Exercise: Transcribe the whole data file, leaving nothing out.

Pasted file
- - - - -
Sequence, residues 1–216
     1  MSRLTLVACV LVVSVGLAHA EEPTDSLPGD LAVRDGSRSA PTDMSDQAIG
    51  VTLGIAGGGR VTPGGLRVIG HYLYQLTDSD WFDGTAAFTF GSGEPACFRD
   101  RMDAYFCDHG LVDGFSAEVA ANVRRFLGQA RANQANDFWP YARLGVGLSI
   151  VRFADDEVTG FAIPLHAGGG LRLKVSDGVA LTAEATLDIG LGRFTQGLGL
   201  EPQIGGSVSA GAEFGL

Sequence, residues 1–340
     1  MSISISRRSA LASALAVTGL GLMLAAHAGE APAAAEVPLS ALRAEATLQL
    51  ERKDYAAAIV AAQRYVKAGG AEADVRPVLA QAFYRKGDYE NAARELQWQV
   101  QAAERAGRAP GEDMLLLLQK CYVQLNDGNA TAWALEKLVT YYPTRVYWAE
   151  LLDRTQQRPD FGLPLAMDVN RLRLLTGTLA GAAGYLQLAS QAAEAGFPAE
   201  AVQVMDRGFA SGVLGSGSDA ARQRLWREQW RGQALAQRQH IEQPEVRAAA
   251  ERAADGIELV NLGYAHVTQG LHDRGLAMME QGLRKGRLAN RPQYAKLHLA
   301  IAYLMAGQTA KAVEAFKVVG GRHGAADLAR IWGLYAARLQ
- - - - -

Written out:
Sequence, residues 1–216
     1  MSRLTLVACV LVVSVGLAHA EEPTDSLPGD LAVRDGSRSA PTDMSDQAIG
    51  VTLGIAGGGR VTPGGLRVIG HYLYQLTDSD WFDGTAAFTF GSGEPACFRD
   101  RMDAYFCDHG LVDGFSAEVA ANVRRFLGQA RANQANDFWP YARLGVGLSI
   151  VRFADDEVTG FAIPLHAGGG LRLKVSDGVA LTAEATLDIG LGRFTQGLGL
   201  EPQIGGSVSA GAEFGL

Sequence, residues 1–340
     1  MSISISRRSA LASALAVTGL GLMLAAHAGE APAAAEVPLS ALRAEATLQL
    51  ERKDYAAAIV AAQRYVKAGG AEADVRPVLA QAFYRKGDYE NAARELQWQV
   101  QAAERAGRAP GEDMLLLLQK CYVQLNDGNA TAWALEKLVT YYPTRVYWAE
   151  LLDRTQQRPD FGLPLAMDVN RLRLLTGTLA GAAGYLQLAS QAAEAGFPAE
   201  AVQVMDRGFA SGVLGSGSDA ARQRLWREQW RGQALAQRQH IEQPEVRAAA
   251  ERAADGIELV NLGYAHVTQG LHDRGLAMME QGLRKGRLAN RPQYAKLHLA
   301  IAYLMAGQTA KAVEAFKVVG GRHGAADLAR IWGLYAARLQ